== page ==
Class Certification Granted in Employment Status Dispute
A federal judge granted class certification on March 2, 2016 to insurance agents who claim that the company who hired them, American Family, mislabeled its sales force as “independent contractors” to avoid compliance with the requirements of the Employee Retirement Income Security Act (“ERISA”).
Walid Jammal and Dana LaRiche, on behalf of themselves and those similarly situated, filed the lawsuit, Jammal v. American Family Ins. Group, No. 1:13-cv-00437, N.D. Ohio, in February 2013. In the class action, the plaintiffs assert that American Family hired insurance agents as independent contractors to sell retirement product, as well as home, auto, life, umbrella, business, health and other policies. Despite American Family’s classification of the agents as independent contractors, the plaintiffs contend the agents, in fact, qualify as employees under ERISA because American Family “retained the right to exercise control over the manner and means by which they conducted every material aspect of their business.” Consequently, the plaintiffs argue they should have received retirement benefits and health, life, disability and dental plans like other employees of the company.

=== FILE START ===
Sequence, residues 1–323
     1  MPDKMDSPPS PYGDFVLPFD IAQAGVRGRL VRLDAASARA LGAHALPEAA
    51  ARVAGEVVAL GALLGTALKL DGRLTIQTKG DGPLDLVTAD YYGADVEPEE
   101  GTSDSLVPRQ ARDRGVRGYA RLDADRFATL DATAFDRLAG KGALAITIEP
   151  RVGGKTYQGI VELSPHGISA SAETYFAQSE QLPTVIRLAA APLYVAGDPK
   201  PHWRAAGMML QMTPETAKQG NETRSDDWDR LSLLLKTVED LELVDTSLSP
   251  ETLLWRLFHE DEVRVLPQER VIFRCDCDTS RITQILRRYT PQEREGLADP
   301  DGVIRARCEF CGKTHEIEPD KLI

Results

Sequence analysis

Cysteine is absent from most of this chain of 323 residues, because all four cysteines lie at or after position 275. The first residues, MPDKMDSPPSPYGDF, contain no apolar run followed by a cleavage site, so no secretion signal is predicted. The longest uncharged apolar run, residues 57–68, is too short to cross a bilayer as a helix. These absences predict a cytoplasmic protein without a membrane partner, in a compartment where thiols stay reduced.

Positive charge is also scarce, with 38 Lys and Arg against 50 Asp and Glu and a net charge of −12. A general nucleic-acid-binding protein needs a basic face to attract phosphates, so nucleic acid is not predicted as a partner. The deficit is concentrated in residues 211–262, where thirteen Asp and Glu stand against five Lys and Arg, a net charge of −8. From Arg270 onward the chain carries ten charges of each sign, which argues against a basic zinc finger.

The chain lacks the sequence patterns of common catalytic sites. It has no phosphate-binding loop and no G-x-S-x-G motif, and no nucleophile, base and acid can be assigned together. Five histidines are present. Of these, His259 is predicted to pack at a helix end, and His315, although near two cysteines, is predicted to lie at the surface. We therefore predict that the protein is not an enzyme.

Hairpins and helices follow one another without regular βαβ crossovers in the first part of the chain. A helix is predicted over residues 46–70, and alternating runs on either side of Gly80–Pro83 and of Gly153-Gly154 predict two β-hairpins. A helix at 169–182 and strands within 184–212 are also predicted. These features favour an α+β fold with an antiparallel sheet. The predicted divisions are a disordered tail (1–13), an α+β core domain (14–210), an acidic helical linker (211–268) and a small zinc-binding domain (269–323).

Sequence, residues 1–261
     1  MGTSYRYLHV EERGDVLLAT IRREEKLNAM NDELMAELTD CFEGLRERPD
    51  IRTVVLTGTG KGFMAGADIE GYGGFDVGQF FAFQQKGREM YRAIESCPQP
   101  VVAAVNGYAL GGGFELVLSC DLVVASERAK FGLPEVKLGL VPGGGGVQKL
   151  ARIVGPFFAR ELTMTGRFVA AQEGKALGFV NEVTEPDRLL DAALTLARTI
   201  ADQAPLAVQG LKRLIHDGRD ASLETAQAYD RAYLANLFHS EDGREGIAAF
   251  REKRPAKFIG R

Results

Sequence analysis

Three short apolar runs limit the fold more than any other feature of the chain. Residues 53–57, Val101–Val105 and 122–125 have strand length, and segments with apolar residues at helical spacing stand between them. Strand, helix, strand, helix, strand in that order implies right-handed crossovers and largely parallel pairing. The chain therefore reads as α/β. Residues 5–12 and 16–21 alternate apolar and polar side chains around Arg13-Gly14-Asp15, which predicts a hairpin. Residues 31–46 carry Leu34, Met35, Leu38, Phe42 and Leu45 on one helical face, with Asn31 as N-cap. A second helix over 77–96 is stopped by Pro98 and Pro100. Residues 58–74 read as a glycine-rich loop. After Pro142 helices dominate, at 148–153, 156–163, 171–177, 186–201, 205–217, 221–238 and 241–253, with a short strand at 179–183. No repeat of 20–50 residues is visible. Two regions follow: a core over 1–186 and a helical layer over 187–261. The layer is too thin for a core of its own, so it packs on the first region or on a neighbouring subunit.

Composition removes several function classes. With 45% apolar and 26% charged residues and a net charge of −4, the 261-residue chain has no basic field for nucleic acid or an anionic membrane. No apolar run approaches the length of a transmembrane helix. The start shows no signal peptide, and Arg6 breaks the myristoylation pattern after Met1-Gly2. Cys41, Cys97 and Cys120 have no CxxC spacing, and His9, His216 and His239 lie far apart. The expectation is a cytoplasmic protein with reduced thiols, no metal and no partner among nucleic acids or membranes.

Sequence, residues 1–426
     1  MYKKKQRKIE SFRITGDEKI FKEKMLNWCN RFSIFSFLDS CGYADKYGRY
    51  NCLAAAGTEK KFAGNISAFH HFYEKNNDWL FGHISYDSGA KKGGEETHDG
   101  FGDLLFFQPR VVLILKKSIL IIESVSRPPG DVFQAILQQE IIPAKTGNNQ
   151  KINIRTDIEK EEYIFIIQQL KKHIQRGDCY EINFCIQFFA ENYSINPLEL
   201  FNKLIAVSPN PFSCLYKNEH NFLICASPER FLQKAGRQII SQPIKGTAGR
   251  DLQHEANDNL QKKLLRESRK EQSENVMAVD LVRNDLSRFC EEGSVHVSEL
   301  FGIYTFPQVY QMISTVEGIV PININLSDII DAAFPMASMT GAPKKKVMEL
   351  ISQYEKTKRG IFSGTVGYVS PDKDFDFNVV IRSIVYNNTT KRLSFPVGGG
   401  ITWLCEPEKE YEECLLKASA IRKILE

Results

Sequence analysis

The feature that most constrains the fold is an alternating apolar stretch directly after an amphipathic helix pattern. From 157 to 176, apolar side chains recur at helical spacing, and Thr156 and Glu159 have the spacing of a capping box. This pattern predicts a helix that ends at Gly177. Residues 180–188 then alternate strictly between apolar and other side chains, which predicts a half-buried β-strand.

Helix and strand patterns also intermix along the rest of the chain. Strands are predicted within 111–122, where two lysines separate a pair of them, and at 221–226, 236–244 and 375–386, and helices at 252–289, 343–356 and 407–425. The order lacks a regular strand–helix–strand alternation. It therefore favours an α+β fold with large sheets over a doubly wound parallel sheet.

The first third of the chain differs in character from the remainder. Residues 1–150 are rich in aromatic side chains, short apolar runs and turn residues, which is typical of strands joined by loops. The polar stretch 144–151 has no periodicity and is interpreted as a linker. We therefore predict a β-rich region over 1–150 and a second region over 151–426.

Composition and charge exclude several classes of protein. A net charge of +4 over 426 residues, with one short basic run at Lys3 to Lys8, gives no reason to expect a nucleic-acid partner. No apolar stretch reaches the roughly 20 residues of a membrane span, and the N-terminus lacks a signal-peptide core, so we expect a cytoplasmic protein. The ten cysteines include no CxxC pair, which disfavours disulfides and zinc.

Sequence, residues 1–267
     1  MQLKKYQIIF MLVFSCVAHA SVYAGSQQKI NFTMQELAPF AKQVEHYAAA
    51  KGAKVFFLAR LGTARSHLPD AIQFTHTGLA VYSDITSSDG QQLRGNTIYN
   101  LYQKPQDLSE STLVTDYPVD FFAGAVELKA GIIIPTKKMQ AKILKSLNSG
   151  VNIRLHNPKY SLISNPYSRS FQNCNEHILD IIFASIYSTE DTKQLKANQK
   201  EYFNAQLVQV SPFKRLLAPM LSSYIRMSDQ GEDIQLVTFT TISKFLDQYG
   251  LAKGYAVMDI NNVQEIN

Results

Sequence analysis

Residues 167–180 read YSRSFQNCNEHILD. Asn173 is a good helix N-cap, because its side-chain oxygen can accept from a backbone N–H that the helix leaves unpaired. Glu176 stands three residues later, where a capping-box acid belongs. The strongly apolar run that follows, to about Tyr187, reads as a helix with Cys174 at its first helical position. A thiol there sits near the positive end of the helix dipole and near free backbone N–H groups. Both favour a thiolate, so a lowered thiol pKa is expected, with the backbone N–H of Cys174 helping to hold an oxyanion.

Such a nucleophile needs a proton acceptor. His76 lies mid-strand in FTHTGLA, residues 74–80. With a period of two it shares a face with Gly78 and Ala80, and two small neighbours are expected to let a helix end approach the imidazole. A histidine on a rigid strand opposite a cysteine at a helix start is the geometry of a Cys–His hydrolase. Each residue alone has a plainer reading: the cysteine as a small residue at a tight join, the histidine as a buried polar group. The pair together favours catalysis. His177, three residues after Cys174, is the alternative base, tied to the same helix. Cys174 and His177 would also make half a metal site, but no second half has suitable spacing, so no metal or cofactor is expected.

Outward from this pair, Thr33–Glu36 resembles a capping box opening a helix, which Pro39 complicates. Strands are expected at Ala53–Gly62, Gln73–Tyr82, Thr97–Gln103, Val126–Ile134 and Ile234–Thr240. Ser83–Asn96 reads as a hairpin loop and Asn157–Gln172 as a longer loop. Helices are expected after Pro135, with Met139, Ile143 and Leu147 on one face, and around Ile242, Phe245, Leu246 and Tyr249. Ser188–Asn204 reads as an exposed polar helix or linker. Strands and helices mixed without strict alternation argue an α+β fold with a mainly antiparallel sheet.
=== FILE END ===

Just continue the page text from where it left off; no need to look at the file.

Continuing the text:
The plaintiffs proposed three classes in the case—two relating to termination benefits and one relating to health, dental and disability benefits. American Family opposed them all, arguing that the plaintiffs “failed to demonstrate commonality for any of the proposed classes,” and that the named plaintiffs did not satisfy the typicality requirement under Fed. R. Civ. Pro. 23(a)(3).
In finding in favor of certifying the class, Hon. Donald C. Nugent held American Family’s arguments as to issues of commonality among the class members was not supported by applicable case law. Further, Judge Nugent ruled that the plaintiffs satisfied the typicality requirement since the named plaintiffs had the same claims that will be determined by a common question: “were the agents misclassified as independent contractors rather than employees?” As such, Judge Nugent determined class certification in this case was appropriate.